I recently watched a wonderful short film that hit home the importance of a strong dramatic question that hooks the audience.
Mission directed by Mark Buchanan and written by Gregor Barclay opens with a young boy trying out for the soccer team. This is intercut with his father undergoing a rigorous series of tests in hope of being an astronaut on the next mission to Mars. Both are denied. Back at home dad’s unable to deal with the rejection and with the mission just a few short hours from blasting off builds his own space capsule in the living room. Leaving his son to fend for himself he holes up for the duration of the 200 day mission.
And with this we’re hooked into the story because we want to know what’s going to happen to both father and son. But even before this we want to know what’s wrong with dad, what he’s building and what he plans on doing once he’s inside the capsule. It’s not until the very final moments of the film that we come to understand what’s transpired to bring dad to this breaking point and the final voice over is particularly poignant. The piece is ultimately very moving and beautifully shot. But what makes it work as well as is does is the dramatic questions it raises that keep us fully engaged and invested in the outcome.
You can watch Mission on Vimeo here.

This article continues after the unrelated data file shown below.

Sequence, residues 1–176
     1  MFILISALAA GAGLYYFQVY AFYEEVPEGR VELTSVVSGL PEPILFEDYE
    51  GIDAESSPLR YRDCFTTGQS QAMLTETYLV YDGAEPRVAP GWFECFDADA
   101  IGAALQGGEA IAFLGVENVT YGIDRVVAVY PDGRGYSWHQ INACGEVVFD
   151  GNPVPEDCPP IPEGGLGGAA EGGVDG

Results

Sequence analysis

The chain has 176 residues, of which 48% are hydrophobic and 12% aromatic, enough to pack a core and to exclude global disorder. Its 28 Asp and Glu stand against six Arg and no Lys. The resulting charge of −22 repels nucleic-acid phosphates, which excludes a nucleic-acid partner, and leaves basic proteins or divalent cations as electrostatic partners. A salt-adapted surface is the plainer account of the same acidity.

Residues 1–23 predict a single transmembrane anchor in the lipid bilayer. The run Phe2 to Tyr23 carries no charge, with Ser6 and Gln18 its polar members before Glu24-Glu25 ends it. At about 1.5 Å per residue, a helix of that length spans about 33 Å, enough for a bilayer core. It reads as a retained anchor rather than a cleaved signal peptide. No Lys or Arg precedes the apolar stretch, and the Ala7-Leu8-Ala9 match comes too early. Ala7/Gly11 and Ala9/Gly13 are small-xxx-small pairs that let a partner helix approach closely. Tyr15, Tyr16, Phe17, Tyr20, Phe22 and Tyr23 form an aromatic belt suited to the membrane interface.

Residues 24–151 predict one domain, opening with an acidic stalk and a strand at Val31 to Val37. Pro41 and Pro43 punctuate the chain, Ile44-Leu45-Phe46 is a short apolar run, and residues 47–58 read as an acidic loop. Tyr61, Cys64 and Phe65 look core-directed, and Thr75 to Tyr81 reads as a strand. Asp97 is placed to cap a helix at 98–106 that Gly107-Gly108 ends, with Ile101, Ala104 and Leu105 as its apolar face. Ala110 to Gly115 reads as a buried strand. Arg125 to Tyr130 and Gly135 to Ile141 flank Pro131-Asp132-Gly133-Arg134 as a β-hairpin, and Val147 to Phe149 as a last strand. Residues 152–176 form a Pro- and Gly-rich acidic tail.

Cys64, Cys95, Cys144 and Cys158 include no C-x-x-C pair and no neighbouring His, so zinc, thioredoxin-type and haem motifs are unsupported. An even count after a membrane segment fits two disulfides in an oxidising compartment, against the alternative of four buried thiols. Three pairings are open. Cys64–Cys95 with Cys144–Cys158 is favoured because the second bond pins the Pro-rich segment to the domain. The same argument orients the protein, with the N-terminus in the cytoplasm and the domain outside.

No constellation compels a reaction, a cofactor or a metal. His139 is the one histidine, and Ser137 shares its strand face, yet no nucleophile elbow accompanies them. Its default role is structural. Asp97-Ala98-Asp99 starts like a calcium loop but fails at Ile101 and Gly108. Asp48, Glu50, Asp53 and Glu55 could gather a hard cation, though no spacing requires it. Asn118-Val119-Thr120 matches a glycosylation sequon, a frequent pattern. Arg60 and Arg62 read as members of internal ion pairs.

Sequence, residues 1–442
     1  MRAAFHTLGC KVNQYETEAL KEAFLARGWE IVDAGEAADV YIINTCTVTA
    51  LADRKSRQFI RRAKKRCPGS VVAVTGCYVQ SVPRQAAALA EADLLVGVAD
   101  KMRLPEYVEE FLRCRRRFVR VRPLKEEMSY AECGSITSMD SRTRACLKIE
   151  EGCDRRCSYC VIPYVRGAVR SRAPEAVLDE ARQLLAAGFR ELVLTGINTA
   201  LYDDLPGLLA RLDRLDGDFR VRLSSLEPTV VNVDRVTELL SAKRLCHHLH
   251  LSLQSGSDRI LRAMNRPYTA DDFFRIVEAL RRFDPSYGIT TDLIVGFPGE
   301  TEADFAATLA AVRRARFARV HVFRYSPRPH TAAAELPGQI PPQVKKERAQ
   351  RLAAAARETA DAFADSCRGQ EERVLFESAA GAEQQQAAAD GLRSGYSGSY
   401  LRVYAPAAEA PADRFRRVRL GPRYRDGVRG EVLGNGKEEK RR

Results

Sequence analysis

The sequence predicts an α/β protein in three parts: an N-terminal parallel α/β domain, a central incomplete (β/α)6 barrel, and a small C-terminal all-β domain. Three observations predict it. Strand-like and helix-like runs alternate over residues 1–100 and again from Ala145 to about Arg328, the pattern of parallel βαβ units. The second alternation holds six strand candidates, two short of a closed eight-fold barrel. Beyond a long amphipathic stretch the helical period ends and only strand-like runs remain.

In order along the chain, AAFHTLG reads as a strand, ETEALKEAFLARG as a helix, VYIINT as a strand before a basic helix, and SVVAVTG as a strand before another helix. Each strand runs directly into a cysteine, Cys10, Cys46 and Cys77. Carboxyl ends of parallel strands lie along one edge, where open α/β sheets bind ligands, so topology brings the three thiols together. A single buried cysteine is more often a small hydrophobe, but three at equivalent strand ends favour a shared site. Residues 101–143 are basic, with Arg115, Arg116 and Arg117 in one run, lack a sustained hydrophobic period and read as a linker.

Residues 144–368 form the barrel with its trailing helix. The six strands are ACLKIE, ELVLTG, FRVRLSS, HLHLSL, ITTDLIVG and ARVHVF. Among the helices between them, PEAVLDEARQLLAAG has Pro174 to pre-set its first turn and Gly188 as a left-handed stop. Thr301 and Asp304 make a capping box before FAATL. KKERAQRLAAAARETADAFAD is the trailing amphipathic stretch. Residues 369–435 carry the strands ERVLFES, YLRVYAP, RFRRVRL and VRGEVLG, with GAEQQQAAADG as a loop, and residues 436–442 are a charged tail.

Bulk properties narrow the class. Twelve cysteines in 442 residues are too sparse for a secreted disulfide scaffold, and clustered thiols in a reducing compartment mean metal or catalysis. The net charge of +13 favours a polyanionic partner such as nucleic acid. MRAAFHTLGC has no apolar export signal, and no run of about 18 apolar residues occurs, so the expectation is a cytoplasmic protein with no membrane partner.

Dramatic questions are a vital part of a successful screenplay – whether short or feature length. So what is a dramatic question? Simply put – it’s the central question the story raises that we want to have answered. Dramatic questions hook us into the story and keep us emotionally engaged through to the end. For example in The King’s Speech we’re drawn through the story to find out how Albert is going to overcome his stammer. In Saving Mr. Banks we want to know how P. L. Travers comes to sell the rights to Mary Poppins. In Her we’re invested in the story to find out how Theodore and Samantha’s relationship is going to work out. In Argo we want to know if the hostages will make it out of Iran. In The Hangover it’s will they find the groom and in The Heat we want to know if Ashburn and Mullins will put aside their differences long enough to bust the drug ring.
Sometimes a story will raise multiple questions – external that drive the plot and internal which are part of the protagonist’s overall arc. For example in Silver Linings Playbook we want to know if Pat and Tiffany will get together but also if Pat is going to be able to stay the course and learn to manage his mental illness. In Midnight in Paris we’re invested in the story to see if Gil will leave his wife, stay in the past, find romance with Adriana and write his novel. In Up we want to know if Carl will make it to Paradise Falls, connect with Russell and reconcile the loss of his wife. We even see this in ensembles like Little Miss Sunshine where we want to know if Olive will make it to the pageant but also how our family will heal their disconnect. Mission does this as well raising several questions that escalate over the course of the story.
Establishing dramatic questions that drive the story forward is key to a successful script. They serve to hook the reader and keep them invested in the outcome ensuring their desire to know the answer will have them reading to the very last page.
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